"Oh, what['s] the matter, my daughter dear?" 

5. O mother dear, it's, don't you know, 
It's grief and pain and sorrow, woe. 
Go get me a chair to sit me on, 

A pen and ink to write it down; 
And every line she dropped a tear, 
Calling home her Willie dear, 

6. And when her father he came home, 
He says: "Where's my daughter gone?" 
He went up stairs, the door he broke; 
And there she hung upon a rope. 

7. He took his knife and cut her down. 
And in her breast these words he found: 
"Oh! what a silly maid was I, 

To hang myself for a butcher's boy! 

1 [Barry prints the tune in this Journal, xxii, 78. See also Belden, this Journal, xxv, 13. 
A Virginian version of the words was published by Mr. W. H. Babcock in Folk-Lore, 
vii, 32.] 



170 Journal of American Folk-Lore. 

8. " Go dig my grave both wide and deep, 
Place marble stone at my head and feet, 
And on my breast a turtle dove. 
To show this world that I died for love." ^ 

["The Butcher Boy," almost word for word identical with the text 
here printed, is found in an American broadside of about i860 (H. de 
Marsan, New York, Harvard College, 25242.5.5 [138]). It was 
No. 8 in de Marsan 's list No. 7,^ and also in a New York broadside 
of 1880-90 ("Henry J. Wehman, Song Publisher," No. 302, Harvard 
College, 25241.29). The same piece is in "Journal of Folk-Song 
Society," 11, 159-160. For the last four stanzas see "Early, Early all 
in the Spring" (" Journal of Folk-Song Society," 11, 293-294). 

The piece appears to be an amalgamation of "The Squire's 
Daughter "^ (also known as "The Cruel Father, or. Deceived Maid" *) 
with "There is an Alehouse in Yonder Town" (well known as a 
student song in this country under the title "There is a Tavern in 
the Town").^ 

An absurdly confused (but quite singable) piece, "The Rambling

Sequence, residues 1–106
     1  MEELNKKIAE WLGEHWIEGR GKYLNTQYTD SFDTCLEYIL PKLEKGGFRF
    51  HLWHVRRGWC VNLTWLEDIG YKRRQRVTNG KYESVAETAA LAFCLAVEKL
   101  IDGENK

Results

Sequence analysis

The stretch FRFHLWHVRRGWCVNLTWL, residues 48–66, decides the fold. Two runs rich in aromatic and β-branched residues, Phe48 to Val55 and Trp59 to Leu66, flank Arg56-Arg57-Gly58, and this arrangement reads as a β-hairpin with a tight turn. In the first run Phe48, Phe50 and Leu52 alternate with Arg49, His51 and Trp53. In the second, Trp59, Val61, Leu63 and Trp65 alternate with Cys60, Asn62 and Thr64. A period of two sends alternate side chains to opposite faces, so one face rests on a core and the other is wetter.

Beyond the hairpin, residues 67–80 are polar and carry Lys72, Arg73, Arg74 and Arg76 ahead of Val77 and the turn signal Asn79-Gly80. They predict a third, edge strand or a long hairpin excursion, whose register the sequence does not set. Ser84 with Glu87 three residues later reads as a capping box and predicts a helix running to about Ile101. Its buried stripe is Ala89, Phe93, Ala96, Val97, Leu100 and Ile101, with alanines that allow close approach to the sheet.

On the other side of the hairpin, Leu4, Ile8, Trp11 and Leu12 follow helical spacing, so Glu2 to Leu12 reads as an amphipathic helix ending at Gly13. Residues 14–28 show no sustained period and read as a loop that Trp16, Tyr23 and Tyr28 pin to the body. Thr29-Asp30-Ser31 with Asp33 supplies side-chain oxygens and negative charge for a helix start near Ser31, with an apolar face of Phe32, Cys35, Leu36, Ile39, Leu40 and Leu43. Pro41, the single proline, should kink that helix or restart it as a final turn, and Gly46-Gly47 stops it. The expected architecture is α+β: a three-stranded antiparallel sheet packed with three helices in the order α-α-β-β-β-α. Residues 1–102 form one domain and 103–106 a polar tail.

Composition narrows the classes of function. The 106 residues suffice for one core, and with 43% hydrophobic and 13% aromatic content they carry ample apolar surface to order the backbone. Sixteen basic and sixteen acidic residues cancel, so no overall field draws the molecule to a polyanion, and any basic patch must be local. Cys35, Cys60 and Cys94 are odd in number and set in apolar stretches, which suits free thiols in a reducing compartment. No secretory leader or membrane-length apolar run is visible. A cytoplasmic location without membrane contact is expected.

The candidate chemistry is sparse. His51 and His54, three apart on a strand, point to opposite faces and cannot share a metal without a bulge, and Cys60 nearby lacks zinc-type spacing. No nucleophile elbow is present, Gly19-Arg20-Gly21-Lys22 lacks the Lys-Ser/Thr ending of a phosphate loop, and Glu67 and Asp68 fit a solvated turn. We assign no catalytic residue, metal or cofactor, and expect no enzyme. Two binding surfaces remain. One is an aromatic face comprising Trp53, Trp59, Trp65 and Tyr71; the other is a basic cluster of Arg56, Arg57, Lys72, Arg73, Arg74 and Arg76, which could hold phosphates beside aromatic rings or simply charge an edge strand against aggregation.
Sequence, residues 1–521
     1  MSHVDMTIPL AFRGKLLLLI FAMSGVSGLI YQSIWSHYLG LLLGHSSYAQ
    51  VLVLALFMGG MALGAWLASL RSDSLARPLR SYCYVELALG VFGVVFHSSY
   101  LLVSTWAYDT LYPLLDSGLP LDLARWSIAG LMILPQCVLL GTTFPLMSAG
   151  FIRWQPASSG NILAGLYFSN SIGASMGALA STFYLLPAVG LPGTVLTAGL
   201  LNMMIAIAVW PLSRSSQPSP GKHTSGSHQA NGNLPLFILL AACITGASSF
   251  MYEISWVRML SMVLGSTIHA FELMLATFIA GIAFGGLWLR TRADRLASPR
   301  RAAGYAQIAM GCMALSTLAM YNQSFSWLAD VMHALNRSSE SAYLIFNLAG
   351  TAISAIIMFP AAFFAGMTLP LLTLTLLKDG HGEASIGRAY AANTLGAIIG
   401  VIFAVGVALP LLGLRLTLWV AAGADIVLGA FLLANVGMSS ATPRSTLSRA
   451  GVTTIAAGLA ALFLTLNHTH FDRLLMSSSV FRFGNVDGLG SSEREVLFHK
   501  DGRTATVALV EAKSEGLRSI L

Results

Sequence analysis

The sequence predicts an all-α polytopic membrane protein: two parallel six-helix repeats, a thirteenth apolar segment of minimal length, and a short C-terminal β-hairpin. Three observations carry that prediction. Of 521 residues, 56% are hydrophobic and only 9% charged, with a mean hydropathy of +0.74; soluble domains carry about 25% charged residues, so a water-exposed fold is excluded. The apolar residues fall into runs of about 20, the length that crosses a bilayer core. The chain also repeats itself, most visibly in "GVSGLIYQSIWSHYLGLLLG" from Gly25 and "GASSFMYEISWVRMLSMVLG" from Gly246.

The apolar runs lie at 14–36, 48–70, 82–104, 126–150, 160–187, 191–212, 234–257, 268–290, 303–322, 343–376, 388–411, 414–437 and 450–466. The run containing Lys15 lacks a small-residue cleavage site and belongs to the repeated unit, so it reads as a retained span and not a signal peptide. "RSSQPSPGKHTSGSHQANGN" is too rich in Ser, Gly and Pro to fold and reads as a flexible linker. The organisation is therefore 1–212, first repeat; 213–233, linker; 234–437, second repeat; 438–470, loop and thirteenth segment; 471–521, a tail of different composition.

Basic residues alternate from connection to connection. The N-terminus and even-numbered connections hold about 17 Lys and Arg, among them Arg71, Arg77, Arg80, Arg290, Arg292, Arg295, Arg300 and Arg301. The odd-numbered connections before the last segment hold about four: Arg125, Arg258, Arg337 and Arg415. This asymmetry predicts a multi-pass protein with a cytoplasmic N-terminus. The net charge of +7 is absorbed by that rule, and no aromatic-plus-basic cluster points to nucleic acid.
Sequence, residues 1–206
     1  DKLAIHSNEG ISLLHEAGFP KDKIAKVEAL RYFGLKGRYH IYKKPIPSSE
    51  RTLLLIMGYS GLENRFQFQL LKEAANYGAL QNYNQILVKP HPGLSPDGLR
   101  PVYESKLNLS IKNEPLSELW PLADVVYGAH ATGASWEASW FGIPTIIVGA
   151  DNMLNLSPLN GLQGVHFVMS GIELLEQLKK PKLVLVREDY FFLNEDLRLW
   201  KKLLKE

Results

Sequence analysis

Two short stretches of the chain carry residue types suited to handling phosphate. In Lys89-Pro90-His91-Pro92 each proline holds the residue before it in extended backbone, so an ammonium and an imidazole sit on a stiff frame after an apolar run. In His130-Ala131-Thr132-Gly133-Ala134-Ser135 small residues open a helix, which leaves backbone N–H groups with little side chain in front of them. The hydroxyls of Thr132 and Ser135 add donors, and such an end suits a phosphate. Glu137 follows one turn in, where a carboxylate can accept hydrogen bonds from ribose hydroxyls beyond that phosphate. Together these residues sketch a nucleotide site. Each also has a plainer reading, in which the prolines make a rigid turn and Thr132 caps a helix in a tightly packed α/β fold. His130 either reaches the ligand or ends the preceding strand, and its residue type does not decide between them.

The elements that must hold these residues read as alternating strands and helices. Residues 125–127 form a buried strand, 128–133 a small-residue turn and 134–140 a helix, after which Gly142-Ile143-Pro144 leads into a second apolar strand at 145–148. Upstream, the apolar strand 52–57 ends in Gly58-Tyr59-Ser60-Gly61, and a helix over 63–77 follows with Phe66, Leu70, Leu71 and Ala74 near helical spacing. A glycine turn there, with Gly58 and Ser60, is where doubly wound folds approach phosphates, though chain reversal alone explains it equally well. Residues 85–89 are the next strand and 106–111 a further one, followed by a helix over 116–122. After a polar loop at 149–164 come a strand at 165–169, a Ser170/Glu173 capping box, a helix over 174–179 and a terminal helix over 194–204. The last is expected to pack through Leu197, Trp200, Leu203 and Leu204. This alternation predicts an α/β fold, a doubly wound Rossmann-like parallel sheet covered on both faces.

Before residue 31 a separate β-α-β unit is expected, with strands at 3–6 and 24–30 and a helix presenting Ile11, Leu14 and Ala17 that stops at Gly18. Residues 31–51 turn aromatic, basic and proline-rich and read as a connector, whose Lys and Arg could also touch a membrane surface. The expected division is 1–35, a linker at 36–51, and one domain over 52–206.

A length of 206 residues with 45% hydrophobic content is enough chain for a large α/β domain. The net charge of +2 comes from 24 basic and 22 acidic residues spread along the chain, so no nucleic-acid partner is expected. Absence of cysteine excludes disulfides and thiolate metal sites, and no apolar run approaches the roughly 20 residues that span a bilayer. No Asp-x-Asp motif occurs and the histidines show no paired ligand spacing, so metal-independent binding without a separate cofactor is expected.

Boy," ^ concludes as follows: — 

My father coming home at night, 
And asked for his heart's delight, 
He ran up stairs the door he broke 
And found her hanging in a rope. 

He took a knife and cut her down, 
And in her bosom a note was found. 
Dig me a grave both wide and deep, 
And a marble stone to cover it.^] 

1 These last four lines also conclude other English songs. See Journal of Folk-Song 
Society, ii, 158-159; iii, 188. 

2 The Brown University collection of Andrews and de Marsan broadsides has the list, 
from which the number can be ascertained. 

^ [Early nineteenth-century English broadside in Harvard College Library, 25242.5.5 
(147), no. 7 ("W. Shelmerdine & Co. Printers, Manchester").] 

^ [Early nineteenth-century slip in Harvard College Library, 25242.2, fol. 65.] 

^ [Journal of the Folk-Song Society, i, 252-253; ii, 168-169; Leather, Folk-Lore of Here- 
fordshire, pp. 205-206 ("A Brisk Young Sailor"); cf. Kidson, Traditional Tunes, pp. 44- 
46; Broadwood, Traditional Songs, pp. 92-95.] 

^ [Pitt's broadside (Harvard College Library, 25242.2, fol. 120); cf. "I am a Rover" 
(Kidson, pp. 147-148). For the last stanza of "The Butcher Boy" see also Journal of 
the Folk-Song Society, ii, 158; iii, 188.] 

^ [Cf. a somewhat similar stanza (6) in " The Sailor's Tragedy" (this Journal, x.xvi, 177). 
To the references there given add: The Universal Songster, London, 1834, ii, 273; The